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This frightening superbug is now deemed an ‘urgent threat’ — but hospitals have kept it quiet

The CDC says there have been 587 confirmed cases of this efficient and virulent infection in the United States

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The rise in antibiotics and antifungals has come with a price: a rise in harmful bacteria and fungi that has become resistant to these antimicrobial drugs. Drug-resistant infections, known as superbugs, have come into the spotlight this week after a report in the New York Times chronicled the escalation of a drug-resistant fungus called Candida auris around the world, and how hospitals have managed to keep it quiet — until now.

Candida auris, according to the The Centers for Disease Control and Prevention (CDC), typically, is more likely to infect those who already have weakened immune systems, such as those who are already hospitalized or have an autoimmune disease. When it gets into the bloodstream it can be life-threatening. More than 90 percent of C. auris infections are resistant to at least one major anti-fungal drugs, while 30 percent are resistant to two or more. To date, the CDC says there have been 587 confirmed cases in the United States.

The report mentions one case from last May when an elderly man was admitted to the Brooklyn offshoot of Mount Sinai Hospital for abdominal surgery in New York City. A blood test detected the germ, and he died after 90 days in the hospital, but the germ survived. It was reported everywhere in his room and the hospital needed special equipment to get rid of it. Some of the ceiling and floor tiles had to be ripped out. Recently the CDC has categorized it as an “urgent threat” since it was reached New York, New Jersey and Illinois. Candida auris has also infected a neonatal unit in Venezuela, a hospital in Spain, and a British medical center’s intensive care unit.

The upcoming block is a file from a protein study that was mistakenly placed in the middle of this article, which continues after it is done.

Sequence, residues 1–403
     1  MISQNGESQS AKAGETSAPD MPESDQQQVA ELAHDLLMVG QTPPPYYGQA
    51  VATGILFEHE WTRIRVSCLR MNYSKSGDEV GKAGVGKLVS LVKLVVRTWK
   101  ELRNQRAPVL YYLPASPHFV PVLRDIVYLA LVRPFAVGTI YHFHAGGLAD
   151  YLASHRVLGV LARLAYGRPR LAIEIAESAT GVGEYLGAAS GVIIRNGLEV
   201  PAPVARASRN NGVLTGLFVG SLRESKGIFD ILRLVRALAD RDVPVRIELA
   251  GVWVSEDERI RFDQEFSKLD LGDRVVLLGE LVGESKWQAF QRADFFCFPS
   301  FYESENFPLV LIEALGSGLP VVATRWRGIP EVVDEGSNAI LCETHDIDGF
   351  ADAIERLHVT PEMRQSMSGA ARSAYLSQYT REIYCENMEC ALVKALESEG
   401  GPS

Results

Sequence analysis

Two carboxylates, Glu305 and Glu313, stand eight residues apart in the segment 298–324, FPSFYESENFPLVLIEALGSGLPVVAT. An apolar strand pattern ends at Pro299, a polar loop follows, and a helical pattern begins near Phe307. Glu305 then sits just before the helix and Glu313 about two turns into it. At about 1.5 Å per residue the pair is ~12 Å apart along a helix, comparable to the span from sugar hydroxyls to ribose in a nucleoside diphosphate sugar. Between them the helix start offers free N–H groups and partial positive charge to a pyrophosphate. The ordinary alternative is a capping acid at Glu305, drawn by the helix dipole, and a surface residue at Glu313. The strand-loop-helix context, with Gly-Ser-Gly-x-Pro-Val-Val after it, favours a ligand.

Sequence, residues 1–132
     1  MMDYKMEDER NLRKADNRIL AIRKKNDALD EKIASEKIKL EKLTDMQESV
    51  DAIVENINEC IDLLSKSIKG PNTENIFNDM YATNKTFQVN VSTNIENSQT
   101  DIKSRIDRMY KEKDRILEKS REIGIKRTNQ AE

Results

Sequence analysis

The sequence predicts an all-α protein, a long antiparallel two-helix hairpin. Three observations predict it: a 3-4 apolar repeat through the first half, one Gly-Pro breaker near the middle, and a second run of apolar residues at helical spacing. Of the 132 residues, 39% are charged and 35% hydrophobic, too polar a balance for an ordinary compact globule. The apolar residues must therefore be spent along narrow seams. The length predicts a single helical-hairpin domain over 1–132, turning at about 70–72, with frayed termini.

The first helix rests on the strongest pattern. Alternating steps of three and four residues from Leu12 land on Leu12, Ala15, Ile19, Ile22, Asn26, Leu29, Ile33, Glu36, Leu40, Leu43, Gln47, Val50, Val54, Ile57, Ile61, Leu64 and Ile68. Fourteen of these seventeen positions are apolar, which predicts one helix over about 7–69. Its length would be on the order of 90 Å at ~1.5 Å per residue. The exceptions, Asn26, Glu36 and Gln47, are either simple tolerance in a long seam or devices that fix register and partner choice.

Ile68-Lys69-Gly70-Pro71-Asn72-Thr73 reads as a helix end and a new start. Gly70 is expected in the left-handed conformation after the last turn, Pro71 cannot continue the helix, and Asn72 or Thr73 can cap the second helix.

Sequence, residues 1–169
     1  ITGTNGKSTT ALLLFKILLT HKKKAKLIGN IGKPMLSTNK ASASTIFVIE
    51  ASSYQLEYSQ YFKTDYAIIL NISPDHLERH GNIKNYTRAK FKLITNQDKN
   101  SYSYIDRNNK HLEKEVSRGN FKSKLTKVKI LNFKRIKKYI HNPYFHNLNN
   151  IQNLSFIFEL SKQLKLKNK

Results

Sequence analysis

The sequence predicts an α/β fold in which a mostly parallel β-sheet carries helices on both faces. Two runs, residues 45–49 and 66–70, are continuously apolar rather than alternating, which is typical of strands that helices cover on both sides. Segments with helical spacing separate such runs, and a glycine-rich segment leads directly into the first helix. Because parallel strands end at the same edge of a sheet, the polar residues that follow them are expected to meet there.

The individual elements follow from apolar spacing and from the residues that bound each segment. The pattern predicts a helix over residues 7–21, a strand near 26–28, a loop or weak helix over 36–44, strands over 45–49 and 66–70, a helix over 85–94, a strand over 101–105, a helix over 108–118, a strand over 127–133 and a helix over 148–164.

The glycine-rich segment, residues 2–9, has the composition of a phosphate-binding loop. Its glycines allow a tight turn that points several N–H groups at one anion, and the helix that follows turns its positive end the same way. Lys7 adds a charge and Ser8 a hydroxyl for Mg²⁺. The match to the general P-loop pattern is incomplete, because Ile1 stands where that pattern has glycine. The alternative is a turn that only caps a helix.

Jeniel Nett, MD, PhD, and Assistant Professor in the Departments of Medicine and Medical Microbiology & Immunology at the  University of Wisconsin School of Medicine, tells Salon Candida auris has emerged as a public health threat for many reasons.

“First, it is readily transmitted in the hospital setting between patients,” Nett said. “As special precautions are needed to prevent the spread of this pathogen, prompt identification is essential.”

Nett said that not all standard laboratory diagnostic methods are designed to accurately detect Candida auris relatively new species. A delay in a diagnosis can lead to a spread within hospitals.

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“Second, Candida auris exhibits resistance to many of the commonly used drug therapies, which complicates treatment of these infections,” she said. “In some outbreaks, reported mortality has approached 60 percent.”

Many of these patients had other serious illnesses which likely contributed to the deaths, she said.

The New York Times report explains that even though cases have been detected since 2009, some hospitals have made an intentional effort not to publicize the information to the public. Oliver Wilkinson, a spokesman for the Royal Brompton Hospital, a hospital where C. auris had spread in 2015, said “there was no need to put out a news release during the outbreak.”

Dr. Silke Schelenz, Royal Brompton’s infectious disease specialist, told The New York Times he found the lack of urgency “very, very frustrating.”

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“They obviously didn’t want to lose reputation,” Dr. Schelenz said in the report. “It hadn’t impacted our surgical outcomes.”

The CDC has an ongoing case count, but only identifies cases in each state. Nett said that the CDC does not necessarily have to release more information than that.

“I think the most important aspect for control of Candida auris is that outbreaks are reported to the CDC and that the healthcare centers have up-to-date information to treat patients and contain outbreaks,” she said. “I don’t know that releasing information for specific centers would be necessary to accomplish that goal.”

In regards to finding a way to treat antimicrobial-resistant infections, Nett said research groups are designing new strategies to fight invasive fungal infections, “including novel antifungals and vaccines.”

“It will be important to understand how these technologies can be applied to the control of Candida auris,” she said. “It is also critical that healthcare systems are optimized to prevent the spread of Candida auris.”

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